Does the word “rum” conjure up hungover memories of tiki bars and a sneering, mustachioed captain with a sword? Rum was a mainstay for many of us during college and throughout our 20s, whether it was being topped off with diet cola, carried through a Spring Break beach town in a plastic daiquiri glass, or dumped into a Long Island Iced Tea along with 18 other types of booze.
Rum continues to be well-liked; according to recent Mintel data, white rum is as popular as unflavored vodka, with 43 percent of us having consumed it in the past three months.
But the vast majority of rum is made from molasses, which is why it tends to be syrupy and sticky-sweet.
Enter rhum agricole. Made from pure, pressed sugarcane juice, rhum (it usually goes by this shorter moniker, which is simply the French word for rum) is created in the French West Indies, where the fields are managed and controlled like vineyards and the sugarcane is grown without pesticides, herbicides or chemical fertilizers. The resulting spirit is light, bright and grassy, and sometimes has a hint of salt if the cane was grown close to the Caribbean Sea. It’s also often described as having a certain funk, but fear not, says Miami-based food writer Galena Mosovich: “Funk” just means “it’s extraordinarily fresh and robust … because of what it’s made from, the way it’s made and where this all happens — from fresh sugarcane that’s cut, ground and pressed in juice at a classic distillery on an island with terroir that’s varied and unique.” (Traditional rum also starts with sugarcane juice, but is mixed with sugar, water and even mouthfeel enhancers along the way. In the end, it’s more accurate to say rum is distilled from molasses.)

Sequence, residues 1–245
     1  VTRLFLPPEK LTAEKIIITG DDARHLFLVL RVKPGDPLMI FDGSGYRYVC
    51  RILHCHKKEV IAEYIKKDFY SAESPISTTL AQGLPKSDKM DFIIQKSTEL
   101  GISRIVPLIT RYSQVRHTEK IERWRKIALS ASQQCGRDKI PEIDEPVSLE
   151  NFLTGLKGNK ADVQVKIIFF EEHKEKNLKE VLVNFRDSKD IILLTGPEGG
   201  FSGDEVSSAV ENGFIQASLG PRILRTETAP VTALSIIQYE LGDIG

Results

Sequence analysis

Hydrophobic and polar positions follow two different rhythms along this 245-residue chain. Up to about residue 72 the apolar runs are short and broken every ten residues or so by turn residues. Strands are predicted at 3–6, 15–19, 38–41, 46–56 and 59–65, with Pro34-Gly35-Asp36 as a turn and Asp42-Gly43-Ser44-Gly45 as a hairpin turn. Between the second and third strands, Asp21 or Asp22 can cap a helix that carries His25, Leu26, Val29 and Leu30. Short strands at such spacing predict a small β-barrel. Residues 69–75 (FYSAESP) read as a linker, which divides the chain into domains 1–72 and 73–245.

Tristan Mermin, founder of Batiste Rhum, offers the following analogy for rhum virgins: “Put a shot of rhum next to a typical molasses rum and smell them. In comparison to the lightness of rhum, the molasses rum will remind you of cough syrup.”
Less than 10 percent of all rum is rhum; the rest is controlled by Bacardi, Captain Morgan and Malibu, Mermin says. (Other brands besides Batiste include Rhum J.M. and Rhum Clement.) Nonetheless, rhum is popping up more frequently in the states, thanks to our dual obsession with craft cocktails and healthy farm-to-bar options. (Sixty-seven percent of Americans prioritize healthy or socially conscious food purchases, according to a recent survey.) At Lost Lake cocktail bar in Chicago, it stars in an avocado daiquiri, along with bay leaf and black pepper. At San Francisco’s Delarosa restaurant, it gets mixed with lime, honey, bitters and a champagne float.
Rhum also works well in holiday rum drinks (like hot buttered rhum or maybe a Caribbean eggnog), daiquiris, mojitos, or simply mixed with lime sparkling water. Or, instead of a rum and Coke, try a Rhumbucha — Rhum + your favorite kombucha. Voila: It’s practically a health food.
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